As purists complain about low quality and high prices, vinyl sales taper off; Gillian Welch and David Rawlings cut their own records.
Neil Shah writes: Folk music duo Gillian Welch and David Rawlings were frustrated by the quality of vinyl LPs being produced today. So they decided to cut their records themselves.
“What people do nowadays is take a digital file and just run vinyl off that,” says Mr. Rawlings, a lanky musician who plays a 1935 Epiphone Olympic guitar. “In my mind, if we were going to do it, I wanted to do it the way the records I love were made—from analog tapes.”
The Nashville-based singer-songwriters, who gained fame with “O Brother, Where Art Thou” in 2000, spent $100,000 to buy their own record-cutting contraption in 2013. The cutting lathe makes the master copy of a record—the one sent to a pressing plant for mass reproduction. The couple’s first LP, a re-issue of their 2011 Grammy-nominated “The Harrow & the Harvest,” arrives July 28.
Ms. Welch and Mr. Rawlings have gone to extreme lengths to solve a problem many music aficionados say is an open secret in the music industry: Behind the resurgence of vinyl records in recent years, the quality of new LPs often stinks.
Old LPs were cut from analog tapes—that’s why they sound so high quality. But the majority of today’s new and re-issued vinyl albums—around 80% or more, several experts estimate—start from digital files, even lower-quality CDs. These digital files are often loud and harsh-sounding, optimized for ear-buds, not living rooms. So the new vinyl LP is sometimes inferior to what a consumer hears on a CD.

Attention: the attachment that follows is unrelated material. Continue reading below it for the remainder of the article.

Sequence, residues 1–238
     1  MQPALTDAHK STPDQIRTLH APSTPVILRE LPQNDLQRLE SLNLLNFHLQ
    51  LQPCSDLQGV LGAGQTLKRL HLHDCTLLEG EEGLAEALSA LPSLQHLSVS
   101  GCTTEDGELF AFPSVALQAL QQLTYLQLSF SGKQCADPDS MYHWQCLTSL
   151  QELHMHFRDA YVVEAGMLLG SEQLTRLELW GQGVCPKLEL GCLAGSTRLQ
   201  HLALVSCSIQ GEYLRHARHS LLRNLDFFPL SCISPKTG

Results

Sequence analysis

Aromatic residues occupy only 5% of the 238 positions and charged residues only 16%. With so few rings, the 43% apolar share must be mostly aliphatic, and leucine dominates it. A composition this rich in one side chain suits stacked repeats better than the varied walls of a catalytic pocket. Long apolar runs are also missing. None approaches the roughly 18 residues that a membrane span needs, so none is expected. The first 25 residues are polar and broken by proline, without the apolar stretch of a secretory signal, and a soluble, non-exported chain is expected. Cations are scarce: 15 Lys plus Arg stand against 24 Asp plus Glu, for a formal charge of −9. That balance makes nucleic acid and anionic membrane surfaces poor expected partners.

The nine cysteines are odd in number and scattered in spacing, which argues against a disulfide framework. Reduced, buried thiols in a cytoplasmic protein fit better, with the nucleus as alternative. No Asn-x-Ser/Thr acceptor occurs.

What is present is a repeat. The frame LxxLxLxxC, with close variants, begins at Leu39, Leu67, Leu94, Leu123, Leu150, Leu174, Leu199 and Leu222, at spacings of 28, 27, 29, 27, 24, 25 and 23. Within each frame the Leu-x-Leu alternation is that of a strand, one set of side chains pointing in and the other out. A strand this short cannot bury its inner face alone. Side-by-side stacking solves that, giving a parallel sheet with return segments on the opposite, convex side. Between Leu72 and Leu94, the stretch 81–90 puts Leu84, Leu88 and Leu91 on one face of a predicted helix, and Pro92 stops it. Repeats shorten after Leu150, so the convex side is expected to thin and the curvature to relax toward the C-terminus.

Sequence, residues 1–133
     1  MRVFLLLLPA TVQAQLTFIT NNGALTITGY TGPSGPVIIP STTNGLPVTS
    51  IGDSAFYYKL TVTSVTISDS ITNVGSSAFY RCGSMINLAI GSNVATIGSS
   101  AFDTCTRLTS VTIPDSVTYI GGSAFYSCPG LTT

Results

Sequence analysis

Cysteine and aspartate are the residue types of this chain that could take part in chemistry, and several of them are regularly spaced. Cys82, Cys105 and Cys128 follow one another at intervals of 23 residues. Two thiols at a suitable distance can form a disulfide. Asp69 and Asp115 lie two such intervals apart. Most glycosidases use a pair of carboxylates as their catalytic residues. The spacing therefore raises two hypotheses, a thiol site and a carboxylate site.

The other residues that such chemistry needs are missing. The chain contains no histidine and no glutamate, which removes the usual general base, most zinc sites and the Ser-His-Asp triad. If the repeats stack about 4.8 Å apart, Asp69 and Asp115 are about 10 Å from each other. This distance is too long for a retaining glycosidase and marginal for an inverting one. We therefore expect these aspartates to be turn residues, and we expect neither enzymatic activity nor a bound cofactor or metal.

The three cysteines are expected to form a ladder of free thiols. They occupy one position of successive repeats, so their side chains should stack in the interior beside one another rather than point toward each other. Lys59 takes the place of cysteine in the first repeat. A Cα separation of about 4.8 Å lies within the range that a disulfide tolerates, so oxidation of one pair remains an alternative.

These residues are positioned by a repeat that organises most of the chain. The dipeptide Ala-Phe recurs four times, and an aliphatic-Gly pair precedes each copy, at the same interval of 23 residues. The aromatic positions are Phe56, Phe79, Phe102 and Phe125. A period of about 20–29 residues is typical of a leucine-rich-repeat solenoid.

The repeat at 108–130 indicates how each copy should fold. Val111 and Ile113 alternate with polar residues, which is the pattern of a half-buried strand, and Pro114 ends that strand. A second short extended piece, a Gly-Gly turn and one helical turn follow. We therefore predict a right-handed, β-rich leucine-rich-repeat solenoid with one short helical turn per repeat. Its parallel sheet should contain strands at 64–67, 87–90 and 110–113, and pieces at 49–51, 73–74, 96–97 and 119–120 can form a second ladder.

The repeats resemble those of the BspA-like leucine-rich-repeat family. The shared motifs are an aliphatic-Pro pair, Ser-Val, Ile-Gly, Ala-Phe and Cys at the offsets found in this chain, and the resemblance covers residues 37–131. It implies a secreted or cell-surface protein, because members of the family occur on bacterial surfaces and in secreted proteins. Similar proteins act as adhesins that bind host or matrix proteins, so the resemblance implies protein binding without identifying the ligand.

“They’re re-issuing [old albums] and not using the original tapes” to save time and money, says Michael Fremer, editor of AnalogPlanet.com and one of America’s leading audio authorities. “They have the tapes. They could take them out and have it done right—by a good engineer. They don’t.”
As more consumers discover this disconnect, vinyl sales are starting to slow. In the first half of 2015, sales of vinyl records jumped 38% compared to the same period the prior year, to 5.6 million units, Nielsen Music data show. A year later, growth slowed to 12%. This year, sales rose a modest 2%. “It’s flattening out,” says Steve Sheldon, president of Los Angeles pressing plant Rainbo Records. While he doesn’t see a bubble bursting—plants are busy—he believes vinyl is “getting close to plateauing.”
When labels advertise a re-issued classic as mastered from the original analog tapes, the source can be more complicated. Sometimes they are a hodge-podge of digital and analog. Often “labels are kind of hiding what’s really happening,” says Russell Elevado, a veteran studio engineer and producer who has earned two Grammys working with R&B singer D’Angelo.
Mr. Rawlings says a Netherlands-based label, Music On Vinyl, used a CD to make vinyl copies of Ms. Welch’s 2003 album “Soul Journey,” getting a license from Warner Music Group. Ms. Welch and Mr. Rawlings, who didn’t have rights to release the album in the U.K., found out when fans saw the vinyl selling on the Internet. They successfully convinced Music On Vinyl to destroy the 500 copies that had been pressed, reimbursing the firm 3,300 euros for its costs. “This is commonplace,” Mr. Rawlings says. A representative of Music On Vinyl could not be reached.
Major labels say they use original analog masters when possible. Sometimes tapes are too brittle to be used to make a vinyl master. Low-quality re-issues may be the result of less-reputable labels that can’t afford to shell out big bucks for engineering and record-pressing, says Billy Fields, a veteran vinyl expert at Warner Music Group. Universal Music Group and Sony Music Entertainment, the two other leading music companies, didn’t make anyone available to comment.
Today’s digital files can sound fantastic—especially for hip-hop and dance music. But engineers say they need to be mastered separately for vinyl in order to have the right sound. To meet deadlines for releasing new albums, labels can’t … (read more)